The concept of GNSS positioning is based on the simultaneously ranging to a minimum of four GNSS satellites from a receiver. With known satellite coordinates, the four dimensional coordinates of the receiver position, which include three spatial coordinates and a receiver clock offset, can be determined.
The receiver can approximate a distance to each satellite the receiver is receiving a signal from. The received signals indicates the position of the satellite transmitting the signal and by approximating the time that was required for the transmitted signal to travel from the satellite to the receiver antenna, a distance to the satellite can be approximated.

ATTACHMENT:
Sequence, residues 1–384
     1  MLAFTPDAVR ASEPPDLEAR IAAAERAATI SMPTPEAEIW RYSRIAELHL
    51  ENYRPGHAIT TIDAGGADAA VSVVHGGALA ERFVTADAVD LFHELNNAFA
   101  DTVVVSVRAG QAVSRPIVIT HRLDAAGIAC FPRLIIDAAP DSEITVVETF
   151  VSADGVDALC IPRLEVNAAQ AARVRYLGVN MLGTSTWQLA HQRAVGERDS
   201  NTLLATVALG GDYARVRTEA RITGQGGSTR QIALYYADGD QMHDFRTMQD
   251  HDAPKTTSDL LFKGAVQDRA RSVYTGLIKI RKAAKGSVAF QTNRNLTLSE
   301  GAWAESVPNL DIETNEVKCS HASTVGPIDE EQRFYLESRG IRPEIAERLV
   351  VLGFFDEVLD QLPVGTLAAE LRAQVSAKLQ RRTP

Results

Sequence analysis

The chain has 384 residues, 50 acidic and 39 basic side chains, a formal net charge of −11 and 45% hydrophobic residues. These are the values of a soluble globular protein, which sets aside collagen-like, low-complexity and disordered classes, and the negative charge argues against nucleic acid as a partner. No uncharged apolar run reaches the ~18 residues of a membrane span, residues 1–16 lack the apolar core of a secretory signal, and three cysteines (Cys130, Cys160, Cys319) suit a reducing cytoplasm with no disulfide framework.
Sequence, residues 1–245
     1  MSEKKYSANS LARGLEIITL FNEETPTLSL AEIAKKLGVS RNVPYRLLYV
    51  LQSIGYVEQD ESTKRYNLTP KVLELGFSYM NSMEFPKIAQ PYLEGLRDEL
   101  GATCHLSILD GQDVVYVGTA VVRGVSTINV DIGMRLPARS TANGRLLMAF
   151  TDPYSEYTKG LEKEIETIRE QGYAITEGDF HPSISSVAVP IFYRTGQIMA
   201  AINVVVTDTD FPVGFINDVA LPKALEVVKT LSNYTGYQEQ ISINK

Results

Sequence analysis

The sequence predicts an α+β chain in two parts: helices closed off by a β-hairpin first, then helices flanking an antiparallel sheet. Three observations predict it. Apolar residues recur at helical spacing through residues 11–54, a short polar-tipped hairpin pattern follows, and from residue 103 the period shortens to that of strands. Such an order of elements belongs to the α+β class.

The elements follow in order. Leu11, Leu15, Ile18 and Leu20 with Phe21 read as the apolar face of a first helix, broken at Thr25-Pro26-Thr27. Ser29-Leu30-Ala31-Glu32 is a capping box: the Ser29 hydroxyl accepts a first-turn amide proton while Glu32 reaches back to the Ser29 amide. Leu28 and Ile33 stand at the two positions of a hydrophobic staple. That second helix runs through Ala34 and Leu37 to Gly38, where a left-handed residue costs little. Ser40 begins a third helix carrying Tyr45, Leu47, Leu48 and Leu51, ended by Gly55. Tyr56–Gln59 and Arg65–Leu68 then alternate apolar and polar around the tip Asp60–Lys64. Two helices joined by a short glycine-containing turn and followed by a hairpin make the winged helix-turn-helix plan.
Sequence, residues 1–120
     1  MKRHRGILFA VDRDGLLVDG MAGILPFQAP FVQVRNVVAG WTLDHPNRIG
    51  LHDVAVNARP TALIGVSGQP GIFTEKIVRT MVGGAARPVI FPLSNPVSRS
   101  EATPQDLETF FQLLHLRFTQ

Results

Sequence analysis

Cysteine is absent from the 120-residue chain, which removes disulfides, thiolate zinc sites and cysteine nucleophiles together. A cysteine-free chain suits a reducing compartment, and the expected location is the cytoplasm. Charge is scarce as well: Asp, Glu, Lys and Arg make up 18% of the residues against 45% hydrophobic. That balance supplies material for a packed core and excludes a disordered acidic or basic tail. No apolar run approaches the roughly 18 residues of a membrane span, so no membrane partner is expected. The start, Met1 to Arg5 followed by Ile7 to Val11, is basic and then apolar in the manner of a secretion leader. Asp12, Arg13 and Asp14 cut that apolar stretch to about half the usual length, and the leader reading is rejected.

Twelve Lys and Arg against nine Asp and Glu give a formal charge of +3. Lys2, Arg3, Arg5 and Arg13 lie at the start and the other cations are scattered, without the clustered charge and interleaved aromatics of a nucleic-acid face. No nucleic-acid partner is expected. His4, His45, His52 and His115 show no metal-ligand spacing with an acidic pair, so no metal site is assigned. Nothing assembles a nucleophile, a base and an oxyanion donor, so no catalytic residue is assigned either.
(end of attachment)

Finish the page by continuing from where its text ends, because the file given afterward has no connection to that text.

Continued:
For a typical GNSS system, the signals transmitted by the satellites allow two types of measurements to be made. A first portion of the signal, the code portion, allows a code pseudorange measurement to be determined and another portion of the signal, the carrier portion, allows a carrier phase measurement to be determined. For example, in GPS systems each transmitted signal has a code portion (C/A code or P code) and a carrier portion.